From late eighties, Dalit movement in Andhra as a socio- political movement came into forefront, in the backdrop of Karamchedu and Tsundur massacres. Dalit movement politicizes the social suffering by asserting the identity of Dalit in all possible ways. The social imagination of the Dalit writers captured the very concerns of dalits through their literary narratives. They are unanimous in voicing against the caste ridden Hinduism by following Ambedkarism and have posed different positions to counter this. In response to the rise of militant hindu nationalism and its attacks on Christians in late nineties, some of Dalit writers addressed this in their writings. Moreover, most of the dalits were nurtured in Christianity as result of colonial rule. Dalit writers realized that to build political struggles, needs a cultural strength in which dalits are rooted. There are some writers consciously worked out in this direction by identifying with Christianity. Madduri Nagesh babu is a classic example for this. He is a major Dalit writer and authored many books. The poems mostly written in the fag eng of his life reflected in his Naraloka Parthana (2002) represents the Dalit christain liberation theology. His Dalit liberation theology goes in tune with Black and Latin American liberation theologies. His liberation theology is committed for the rights and justice of the dalits. His liberation theology suited in contemporary Dalit movement. His Jesus differs from the orthodox Christianity and, his Jesus is Dalit ,who is always with dalits for the protection of rights and dignity of the community. His god is political, assertive,aggressive and fights for the social justice. My paper not only explores the strength of Dalit liberation theology of Madduri Nagesh Babu and also finds the limitation of this kind of theology in relation to Dalit movement.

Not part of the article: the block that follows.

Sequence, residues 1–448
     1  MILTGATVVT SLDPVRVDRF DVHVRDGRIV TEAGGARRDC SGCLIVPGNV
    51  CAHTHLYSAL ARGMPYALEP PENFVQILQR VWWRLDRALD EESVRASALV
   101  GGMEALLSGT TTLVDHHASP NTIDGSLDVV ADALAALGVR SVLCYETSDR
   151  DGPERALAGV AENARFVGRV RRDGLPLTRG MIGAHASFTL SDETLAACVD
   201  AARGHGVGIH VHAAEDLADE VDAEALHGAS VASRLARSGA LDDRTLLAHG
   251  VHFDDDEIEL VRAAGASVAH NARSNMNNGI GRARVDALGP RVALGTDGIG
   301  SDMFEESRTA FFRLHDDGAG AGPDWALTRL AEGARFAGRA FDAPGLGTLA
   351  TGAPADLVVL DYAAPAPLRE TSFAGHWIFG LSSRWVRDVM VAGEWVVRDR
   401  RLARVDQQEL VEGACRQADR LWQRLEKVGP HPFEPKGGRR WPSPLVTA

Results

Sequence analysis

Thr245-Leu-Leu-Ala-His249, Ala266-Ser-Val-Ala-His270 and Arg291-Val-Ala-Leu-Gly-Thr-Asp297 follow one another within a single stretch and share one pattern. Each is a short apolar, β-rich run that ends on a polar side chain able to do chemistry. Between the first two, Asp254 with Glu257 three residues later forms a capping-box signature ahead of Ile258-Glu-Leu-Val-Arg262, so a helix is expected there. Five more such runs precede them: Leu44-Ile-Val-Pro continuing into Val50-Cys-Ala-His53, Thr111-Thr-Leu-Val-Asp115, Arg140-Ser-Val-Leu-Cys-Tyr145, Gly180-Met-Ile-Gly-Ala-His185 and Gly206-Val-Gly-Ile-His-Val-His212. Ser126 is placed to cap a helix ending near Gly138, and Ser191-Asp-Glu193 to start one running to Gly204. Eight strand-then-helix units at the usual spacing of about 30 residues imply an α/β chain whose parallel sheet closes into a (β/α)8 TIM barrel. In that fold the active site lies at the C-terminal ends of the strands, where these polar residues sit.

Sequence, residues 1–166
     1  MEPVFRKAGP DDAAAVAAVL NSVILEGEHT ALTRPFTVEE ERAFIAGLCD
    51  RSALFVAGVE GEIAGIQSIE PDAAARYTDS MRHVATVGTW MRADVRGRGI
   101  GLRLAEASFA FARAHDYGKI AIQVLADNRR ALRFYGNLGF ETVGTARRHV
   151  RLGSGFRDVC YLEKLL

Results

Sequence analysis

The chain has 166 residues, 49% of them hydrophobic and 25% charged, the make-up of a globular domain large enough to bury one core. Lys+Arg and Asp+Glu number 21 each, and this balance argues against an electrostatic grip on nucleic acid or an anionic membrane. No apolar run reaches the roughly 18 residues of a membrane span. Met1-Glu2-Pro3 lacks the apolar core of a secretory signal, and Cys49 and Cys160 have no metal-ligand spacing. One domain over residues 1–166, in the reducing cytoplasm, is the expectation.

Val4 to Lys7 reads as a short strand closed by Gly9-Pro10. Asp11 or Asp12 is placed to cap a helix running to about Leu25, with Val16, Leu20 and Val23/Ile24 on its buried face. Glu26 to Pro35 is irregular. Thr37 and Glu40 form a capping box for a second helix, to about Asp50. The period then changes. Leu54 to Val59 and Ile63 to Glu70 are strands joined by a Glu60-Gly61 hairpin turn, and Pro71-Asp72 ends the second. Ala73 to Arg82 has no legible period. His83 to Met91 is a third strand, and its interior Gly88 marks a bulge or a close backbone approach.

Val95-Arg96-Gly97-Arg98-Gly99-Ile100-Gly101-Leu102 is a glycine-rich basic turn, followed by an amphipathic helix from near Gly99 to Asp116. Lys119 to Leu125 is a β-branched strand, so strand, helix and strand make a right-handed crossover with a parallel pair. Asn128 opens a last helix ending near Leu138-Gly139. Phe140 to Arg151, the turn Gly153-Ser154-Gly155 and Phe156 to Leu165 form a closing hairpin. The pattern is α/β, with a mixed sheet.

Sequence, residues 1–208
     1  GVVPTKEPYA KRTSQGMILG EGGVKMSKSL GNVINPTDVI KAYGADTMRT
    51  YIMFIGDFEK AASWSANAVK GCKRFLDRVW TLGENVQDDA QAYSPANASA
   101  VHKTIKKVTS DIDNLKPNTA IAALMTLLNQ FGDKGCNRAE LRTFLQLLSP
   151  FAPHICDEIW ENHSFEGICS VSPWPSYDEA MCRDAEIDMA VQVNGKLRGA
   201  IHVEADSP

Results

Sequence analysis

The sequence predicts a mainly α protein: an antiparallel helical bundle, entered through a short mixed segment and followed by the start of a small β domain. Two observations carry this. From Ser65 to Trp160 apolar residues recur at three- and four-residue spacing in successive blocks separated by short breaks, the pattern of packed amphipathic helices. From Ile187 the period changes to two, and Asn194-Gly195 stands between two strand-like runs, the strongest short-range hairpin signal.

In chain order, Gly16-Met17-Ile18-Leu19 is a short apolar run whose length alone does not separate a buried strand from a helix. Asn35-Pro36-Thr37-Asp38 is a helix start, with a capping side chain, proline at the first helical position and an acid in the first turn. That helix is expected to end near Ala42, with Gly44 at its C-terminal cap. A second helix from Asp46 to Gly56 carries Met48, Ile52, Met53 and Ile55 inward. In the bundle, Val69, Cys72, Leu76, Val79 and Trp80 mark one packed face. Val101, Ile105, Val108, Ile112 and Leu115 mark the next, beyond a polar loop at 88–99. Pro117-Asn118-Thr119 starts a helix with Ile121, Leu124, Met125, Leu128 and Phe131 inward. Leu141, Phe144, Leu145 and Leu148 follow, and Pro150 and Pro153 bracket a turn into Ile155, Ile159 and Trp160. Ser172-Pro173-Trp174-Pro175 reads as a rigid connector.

Ambedkar’s Critical Engagement with Hinduism


K.Satyanarayana
Lecturer
Centre for English Studies
The English and Foreign
Languages University
Hyderabad-500007.


I wish to analyse Babasaheb Ambedkar’s critical engagement with ‘Hinduism’. My paper will be based on a reading of Ambedkar’s Annihilation of Caste and other writings on ‘Hinduism’ in the 1930s and 1940s. Ambedkar’s critical questioning of ‘Hinduism’ is emanated from his desire to construct a casteless society. He argued that caste is the central social institution that derived its sanctity and legitimacy from ‘Hinduism’. Therefore, he initially advocated a radical reconstruction of ‘Hinduism’. Later he quit ‘Hinduism’. Interestingly, Ambedkar conflated ‘Hinduism’ with ‘Brahmanism’. Through a reading of Ambedkar’s critique of ‘Hinduism’, I will try to map Ambedkar’s conception of religion and its social role in a society.


























Literature Development and Economic Transitions of Bodo Tribal people in India


Phanindra Goyari
Senior Lecturer
Department of Economics
University of Hyderabad
Hyderabad

Abstract

The Literature development of a society can bring various progressive changes in that society. The impact of literature development on the progress of socio-cultural and economic conditions is generally observed more prominently in case of underdeveloped communities.

The paper attempts to examine how the literature development of Bodo tribal people helped in the graual socio-economic transitions of this tribe in India. The analysis is carried out using available secondary data and various policy documents, pertaining to Bodo tribal people. The main focus is on the state of Assam, where majority of Bodo people have been living since time immemorial, even though these people are found in other parts of India as well as in neighbouring countries. The specific objectives are (i) to review the various states of Bodo literature development and (ii) to examoine the economic development trends of Bodo tribe corresponding to the various stages of literature development.